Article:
One of the biggest struggles our youth is facing revolves around body image. With warmer weather just around the corner, there seems to be constant pressure to look a certain way. You often hear people talking about how they are exercising more during these spring months to get their “summer body.” What a lot of people do not realize is how this affects others in a negative way. For some people, positive body image is something that they really need to work on and something that does not come easily. One of the first steps in the process of gaining positive body image is to understand what it means.
In simple terms, body image is how you see yourself when you see your reflection. It can also be how you picture yourself in your mind. There are a few things that go into our perception of ourselves. First, it is what you believe to be true about the way you look. This could be memories you have of yourself, things people have said about you, or simply assumptions of how you believe you are viewed to others. The second part of this has to do with how you feel in your body. It is not always how you think you look, but also how your body feels when you move.
Negative vs. Positive Body Image:
Negative body image, what we want to steer away from, consists of distorted thinking. With distorted thinking, people tend to see their body in a different way than others see it. They often attach labels to their body and perceive it to be unattractive. Feelings of self-doubt and a lack of self-confidence is almost always associated with this.
Positive body image encompasses a true sense of your body and what it looks and feels like. People that reach the point of positive body image are able to appreciate their body for all that it does for them. They are also able to acknowledge that there is much more to their character than their body appearance. The feeling of confidence and comfort in your own skin is a true example of positive body image.
Going from negative body image to positive body image is not something that happens overnight. Most of the time it consists of hard work and dedication to becoming a better you!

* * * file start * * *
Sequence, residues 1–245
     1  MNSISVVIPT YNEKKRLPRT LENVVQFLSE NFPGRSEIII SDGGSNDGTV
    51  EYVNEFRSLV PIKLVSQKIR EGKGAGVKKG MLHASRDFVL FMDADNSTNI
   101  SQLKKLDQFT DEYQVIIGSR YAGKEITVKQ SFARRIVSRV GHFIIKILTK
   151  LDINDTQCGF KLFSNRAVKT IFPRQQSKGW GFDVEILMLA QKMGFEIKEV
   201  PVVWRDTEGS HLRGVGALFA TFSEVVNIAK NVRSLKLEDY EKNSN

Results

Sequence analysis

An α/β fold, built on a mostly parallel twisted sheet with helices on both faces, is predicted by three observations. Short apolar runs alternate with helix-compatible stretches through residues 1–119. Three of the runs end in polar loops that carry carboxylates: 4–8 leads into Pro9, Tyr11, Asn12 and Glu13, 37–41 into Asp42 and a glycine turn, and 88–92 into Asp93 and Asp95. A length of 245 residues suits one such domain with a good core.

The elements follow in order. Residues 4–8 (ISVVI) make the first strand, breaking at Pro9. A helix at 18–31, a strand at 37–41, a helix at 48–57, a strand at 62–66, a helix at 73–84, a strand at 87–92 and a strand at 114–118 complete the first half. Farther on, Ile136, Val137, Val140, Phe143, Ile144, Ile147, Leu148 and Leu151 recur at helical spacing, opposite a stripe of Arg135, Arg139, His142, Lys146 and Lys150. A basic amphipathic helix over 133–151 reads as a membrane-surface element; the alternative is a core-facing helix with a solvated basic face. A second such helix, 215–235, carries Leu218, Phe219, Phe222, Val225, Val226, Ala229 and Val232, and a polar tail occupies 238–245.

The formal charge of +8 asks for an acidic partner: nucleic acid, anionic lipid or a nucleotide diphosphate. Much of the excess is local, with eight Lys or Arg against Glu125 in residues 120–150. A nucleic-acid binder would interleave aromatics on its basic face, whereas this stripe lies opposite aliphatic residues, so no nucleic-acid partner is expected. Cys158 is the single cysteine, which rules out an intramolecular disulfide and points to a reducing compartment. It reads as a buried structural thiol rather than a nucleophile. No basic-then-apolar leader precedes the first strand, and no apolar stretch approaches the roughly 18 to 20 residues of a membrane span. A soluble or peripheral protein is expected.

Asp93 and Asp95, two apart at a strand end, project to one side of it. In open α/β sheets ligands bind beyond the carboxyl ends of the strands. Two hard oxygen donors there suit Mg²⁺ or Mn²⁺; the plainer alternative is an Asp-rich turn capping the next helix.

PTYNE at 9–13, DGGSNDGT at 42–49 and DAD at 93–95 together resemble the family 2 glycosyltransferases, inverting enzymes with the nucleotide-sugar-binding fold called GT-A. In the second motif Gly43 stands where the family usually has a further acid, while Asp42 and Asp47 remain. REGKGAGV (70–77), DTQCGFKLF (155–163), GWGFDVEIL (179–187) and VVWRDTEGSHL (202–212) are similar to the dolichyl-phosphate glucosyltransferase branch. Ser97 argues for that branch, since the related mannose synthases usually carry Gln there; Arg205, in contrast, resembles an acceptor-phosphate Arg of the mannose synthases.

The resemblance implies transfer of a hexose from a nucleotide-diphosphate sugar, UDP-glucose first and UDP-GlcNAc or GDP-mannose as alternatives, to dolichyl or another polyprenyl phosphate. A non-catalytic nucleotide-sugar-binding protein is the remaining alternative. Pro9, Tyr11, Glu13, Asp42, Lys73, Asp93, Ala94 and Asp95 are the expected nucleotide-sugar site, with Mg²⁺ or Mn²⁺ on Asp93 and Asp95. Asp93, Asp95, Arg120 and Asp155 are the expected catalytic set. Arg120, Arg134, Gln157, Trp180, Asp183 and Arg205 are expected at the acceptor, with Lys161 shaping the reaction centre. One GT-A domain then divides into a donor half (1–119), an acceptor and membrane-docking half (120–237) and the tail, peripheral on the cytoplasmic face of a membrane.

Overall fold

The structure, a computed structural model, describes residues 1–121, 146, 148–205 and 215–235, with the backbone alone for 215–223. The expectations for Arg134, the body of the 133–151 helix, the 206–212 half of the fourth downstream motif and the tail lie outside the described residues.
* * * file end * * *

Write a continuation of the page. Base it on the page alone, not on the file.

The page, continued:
How to Achieve Positive Change:
The National Eating Disorders Association has compiled a list of steps that can help you achieve this type of positive change in your life. These steps can be used as a first step in reaching your positive body image goals. However, keep in mind the importance of seeking help from a professional when these issues begin to affect your day-to-day life and begin too difficult to deal.
Listed below are steps given by the National Eating Disorder Association that you can utilize in order to achieve a better sense of self and a more positive body image.
1. Appreciate all that your body can do. Every day your body carries you closer to your dreams. Celebrate all of the amazing things your body does for you—running, dancing, breathing, laughing, dreaming, etc.
2. Keep a top-ten list of things you like about yourself—things that aren’t related to how much you weigh or what you look like. Read your list often. Add to it as you become aware of more things you like about yourself.
3. Remind yourself that “true beauty” is not simply on the surface. When you feel good about yourself and who you are, you carry yourself with a sense of confidence, self-acceptance, and openness that makes you beautiful regardless of whether you physically look like a supermodel. Beauty is a state of mind, not a state of body.
4. Look at yourself as a whole person. When you see yourself in a mirror or in your mind, choose not to focus on specific body parts. See yourself as you want others to see you–as a whole person.
5. Surround yourself with positive people. It is easier to feel good about yourself and your body when you are around others who are supportive and who recognize the importance of liking yourself just as you naturally are.
6. Shut down those voices in your head that tell you your body is not “right” or that you are a “bad” person. You can overpower those negative thoughts with positive ones. The next time you start to tear yourself down, build yourself back up with a few quick affirmations that work for you.
7. Wear clothes that are comfortable and that make you feel good about your body. Work with your body, not against it.
8. Become a critical viewer of social and media messages. Pay attention to images, slogans, or attitudes that make you feel bad about yourself or your body. Protest these messages: write a letter to the advertiser or talk back to the image or message.
9. Do something nice for yourself--something that lets your body know you appreciate it. Take a bubble bath, make time for a nap, find a peaceful place outside to relax.
10. Use the time and energy that you might have spent worrying about food, calories, and your weight to do something to help others. Sometimes reaching out to other people can help you feel better about yourself and can make a positive change in our world.